How many zombies does it take to terrorize college kids? I’m sure just one would do the trick.
Six med students are doing their forensics field training on an abandoned island that once housed a penitentiary. Secret experiments were conducted on some of the prisoners, resulting in big strong homicidal zombies. The students and their professor are completely unaware of this, until they start to become chew toys for these walking dead criminals.
There’s certainly no shortage of zombie movies. Throw a rock and you’re bound to hit one in production somewhere. Do we really need another? Of course not, but when a good one surfaces, it should be acknowledged. 13 Eerie is far better than advertised.
From writer Christian Piers Betley and director Lowell Dean, 13 Eerie is a concise 87-minute experience that doesn’t use a horde of lumbering living dead, but three very fast and calculating beasts that set traps to snare their victims. In nearly every other zombie flick, the monsters are slow moving masses, and only through sheer numbers are they able to catch their prey. Here Skinhead Zombie, Tattoo Zombie, and Thug Zombie must’ve been doing some serious afterlife cross-training, because they are scary fast, bearing down on these out
13 Eerie is headed by a cast of relative Canadian unknowns who turn in surprisingly solid performances. The most recognizable name is Michaels Shanks (Stargate SG-1) who plays the humorless Professor Tomkins. He’s
joined by Katherine Isabell (Insomnia) as the overachieving Megan; Brendan Fehr (X-Men: First Class) as Megan’s boyfriend Daniel; English actor Nick Moran (Harry Potter and the Deathly Hallows: Part 1) as the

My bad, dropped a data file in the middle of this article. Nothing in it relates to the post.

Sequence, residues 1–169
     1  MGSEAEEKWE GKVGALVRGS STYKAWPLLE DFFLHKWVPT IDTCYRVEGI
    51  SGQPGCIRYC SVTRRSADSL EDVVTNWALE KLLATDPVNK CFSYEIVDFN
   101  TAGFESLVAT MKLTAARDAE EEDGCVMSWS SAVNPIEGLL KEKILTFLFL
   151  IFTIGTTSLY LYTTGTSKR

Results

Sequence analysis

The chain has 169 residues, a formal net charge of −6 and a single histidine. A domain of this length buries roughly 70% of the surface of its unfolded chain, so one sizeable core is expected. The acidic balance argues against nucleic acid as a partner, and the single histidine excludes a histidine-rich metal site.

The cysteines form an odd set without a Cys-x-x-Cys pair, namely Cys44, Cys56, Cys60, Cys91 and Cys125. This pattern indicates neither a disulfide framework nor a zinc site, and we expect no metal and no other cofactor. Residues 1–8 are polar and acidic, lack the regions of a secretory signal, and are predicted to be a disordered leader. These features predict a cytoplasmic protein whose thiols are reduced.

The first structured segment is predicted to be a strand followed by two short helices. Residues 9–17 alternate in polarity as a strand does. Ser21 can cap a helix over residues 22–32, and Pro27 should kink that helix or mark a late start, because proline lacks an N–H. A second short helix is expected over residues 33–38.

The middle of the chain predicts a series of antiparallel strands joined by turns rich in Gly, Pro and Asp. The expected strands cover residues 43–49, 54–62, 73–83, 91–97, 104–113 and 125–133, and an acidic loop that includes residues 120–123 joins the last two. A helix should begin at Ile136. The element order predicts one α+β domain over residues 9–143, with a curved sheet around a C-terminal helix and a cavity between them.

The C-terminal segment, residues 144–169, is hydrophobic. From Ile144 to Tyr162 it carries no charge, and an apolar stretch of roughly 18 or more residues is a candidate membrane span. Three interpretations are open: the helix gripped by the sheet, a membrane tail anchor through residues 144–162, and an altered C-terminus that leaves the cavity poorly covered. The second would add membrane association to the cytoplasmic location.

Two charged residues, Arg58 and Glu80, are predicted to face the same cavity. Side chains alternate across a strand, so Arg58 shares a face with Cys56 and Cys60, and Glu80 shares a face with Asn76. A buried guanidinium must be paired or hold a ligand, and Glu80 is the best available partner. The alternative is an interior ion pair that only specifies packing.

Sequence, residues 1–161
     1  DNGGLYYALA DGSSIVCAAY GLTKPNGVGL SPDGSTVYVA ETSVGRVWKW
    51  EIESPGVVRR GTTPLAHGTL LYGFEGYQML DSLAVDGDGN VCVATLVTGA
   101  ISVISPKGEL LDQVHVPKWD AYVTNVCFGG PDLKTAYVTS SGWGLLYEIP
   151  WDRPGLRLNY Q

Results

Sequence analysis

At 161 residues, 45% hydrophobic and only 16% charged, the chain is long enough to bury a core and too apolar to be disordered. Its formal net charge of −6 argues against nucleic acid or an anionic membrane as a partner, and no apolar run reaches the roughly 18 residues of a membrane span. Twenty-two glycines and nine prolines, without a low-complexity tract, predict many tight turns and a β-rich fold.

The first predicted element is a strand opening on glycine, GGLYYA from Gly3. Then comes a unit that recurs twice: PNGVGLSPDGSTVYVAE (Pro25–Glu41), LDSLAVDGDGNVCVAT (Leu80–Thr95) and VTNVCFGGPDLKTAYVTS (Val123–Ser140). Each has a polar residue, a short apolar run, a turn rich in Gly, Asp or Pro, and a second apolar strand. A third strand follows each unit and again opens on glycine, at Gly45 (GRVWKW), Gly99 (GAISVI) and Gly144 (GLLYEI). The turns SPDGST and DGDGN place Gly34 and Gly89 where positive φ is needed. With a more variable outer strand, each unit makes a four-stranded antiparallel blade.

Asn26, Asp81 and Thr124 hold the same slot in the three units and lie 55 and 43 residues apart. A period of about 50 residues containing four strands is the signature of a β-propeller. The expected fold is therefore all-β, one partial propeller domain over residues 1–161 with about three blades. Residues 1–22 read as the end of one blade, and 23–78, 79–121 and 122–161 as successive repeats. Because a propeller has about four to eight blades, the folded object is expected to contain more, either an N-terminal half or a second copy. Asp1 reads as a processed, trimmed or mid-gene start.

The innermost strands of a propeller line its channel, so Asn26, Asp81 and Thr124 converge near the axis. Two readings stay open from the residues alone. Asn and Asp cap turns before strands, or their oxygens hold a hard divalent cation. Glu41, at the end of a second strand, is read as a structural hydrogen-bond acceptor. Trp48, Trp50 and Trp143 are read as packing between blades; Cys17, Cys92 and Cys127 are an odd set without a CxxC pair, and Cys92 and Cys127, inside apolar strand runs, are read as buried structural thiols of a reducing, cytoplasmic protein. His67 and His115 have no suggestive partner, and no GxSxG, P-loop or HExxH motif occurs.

hired cook whose hillbilly dialect is very convincing; and Josh (Brendan Fletcher, Freddy vs. Jason), the comic relief. Jessie Moss (Tucker and Dale vs. Evil) and Kristie Patterson portray Patrick and Kate, but are
little more than two red shirts dispatched soon after we are introduced to our zombie friends. Some may view this as a spoiler, but I know dear reader that you are smart and would have figured this quickly.
13 Eerie does the best it can with a minimal budget and 20-day shooting schedule, which means they had to get creative to make a dollar go farther, and maximize the use of their time. One such choice was to use two
handheld cameras instead of the standard dolly track, which made setting up the shots faster and less expensive. This is done so well you can’t even tell handhelds were used. The movie is complete free of that herky-jerky look so often associated with found footage films.
I cannot complete this review without mentioning one of the most effective zombie kills I’ve ever seen. If you’re ever in a jam and need to rid yourself of the living dead, saw off the head of said zombie until it’s hanging by a thread. When it tries to reach up and grab you, place explosives in the cavity and ka-boom! Just like that your zombie problems are over.
Presented in standard def 1.85:1 anamorphic widescreen, E1 Entertainment offers up an impressive DVD transfer, bolstered by a crystal clear Dolby 5.1 audio track that accentuates Igor Vrabac and Ken Worth’s throbbingly intense score. Bonus features include an audio commentary from director Lowell Dean, four behind the scenes feaurettes, and a photo gallery.
13 Eerie is a respectable entry into the zombie genre. If you find this one in the discount bin, snatch it up before it snatches you!